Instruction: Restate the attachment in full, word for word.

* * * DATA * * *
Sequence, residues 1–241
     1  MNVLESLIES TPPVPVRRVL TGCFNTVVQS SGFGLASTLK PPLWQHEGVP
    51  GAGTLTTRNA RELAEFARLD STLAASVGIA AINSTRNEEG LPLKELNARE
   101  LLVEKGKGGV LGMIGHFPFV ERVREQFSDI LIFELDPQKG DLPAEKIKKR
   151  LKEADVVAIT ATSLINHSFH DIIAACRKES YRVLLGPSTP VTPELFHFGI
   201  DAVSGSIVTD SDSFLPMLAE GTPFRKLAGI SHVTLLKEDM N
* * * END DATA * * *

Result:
Sequence, residues 1–241
     1  MNVLESLIES TPPVPVRRVL TGCFNTVVQS SGFGLASTLK PPLWQHEGVP
    51  GAGTLTTRNA RELAEFARLD STLAASVGIA AINSTRNEEG LPLKELNARE
   101  LLVEKGKGGV LGMIGHFPFV ERVREQFSDI LIFELDPQKG DLPAEKIKKR
   151  LKEADVVAIT ATSLINHSFH DIIAACRKES YRVLLGPSTP VTPELFHFGI
   201  DAVSGSIVTD SDSFLPMLAE GTPFRKLAGI SHVTLLKEDM N